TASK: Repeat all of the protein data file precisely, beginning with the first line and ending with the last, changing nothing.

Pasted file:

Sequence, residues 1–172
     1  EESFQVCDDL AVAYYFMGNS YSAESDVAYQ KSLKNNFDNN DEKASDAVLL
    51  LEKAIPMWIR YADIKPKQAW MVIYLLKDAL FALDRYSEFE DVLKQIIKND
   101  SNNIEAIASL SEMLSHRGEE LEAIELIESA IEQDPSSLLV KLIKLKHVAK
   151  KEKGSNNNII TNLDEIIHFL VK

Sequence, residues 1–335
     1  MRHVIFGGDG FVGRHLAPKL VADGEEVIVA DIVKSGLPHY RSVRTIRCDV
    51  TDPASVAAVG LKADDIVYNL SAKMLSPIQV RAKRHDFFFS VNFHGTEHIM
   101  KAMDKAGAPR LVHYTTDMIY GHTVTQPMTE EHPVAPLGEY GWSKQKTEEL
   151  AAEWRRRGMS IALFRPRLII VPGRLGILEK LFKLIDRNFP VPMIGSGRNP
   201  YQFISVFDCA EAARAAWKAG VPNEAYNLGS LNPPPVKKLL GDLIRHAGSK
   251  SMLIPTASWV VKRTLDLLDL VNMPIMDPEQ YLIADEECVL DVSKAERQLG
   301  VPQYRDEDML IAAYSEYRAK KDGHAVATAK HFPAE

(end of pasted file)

Sequence, residues 1–172
     1  EESFQVCDDL AVAYYFMGNS YSAESDVAYQ KSLKNNFDNN DEKASDAVLL
    51  LEKAIPMWIR YADIKPKQAW MVIYLLKDAL FALDRYSEFE DVLKQIIKND
   101  SNNIEAIASL SEMLSHRGEE LEAIELIESA IEQDPSSLLV KLIKLKHVAK
   151  KEKGSNNNII TNLDEIIHFL VK

Sequence, residues 1–335
     1  MRHVIFGGDG FVGRHLAPKL VADGEEVIVA DIVKSGLPHY RSVRTIRCDV
    51  TDPASVAAVG LKADDIVYNL SAKMLSPIQV RAKRHDFFFS VNFHGTEHIM
   101  KAMDKAGAPR LVHYTTDMIY GHTVTQPMTE EHPVAPLGEY GWSKQKTEEL
   151  AAEWRRRGMS IALFRPRLII VPGRLGILEK LFKLIDRNFP VPMIGSGRNP
   201  YQFISVFDCA EAARAAWKAG VPNEAYNLGS LNPPPVKKLL GDLIRHAGSK
   251  SMLIPTASWV VKRTLDLLDL VNMPIMDPEQ YLIADEECVL DVSKAERQLG
   301  VPQYRDEDML IAAYSEYRAK KDGHAVATAK HFPAE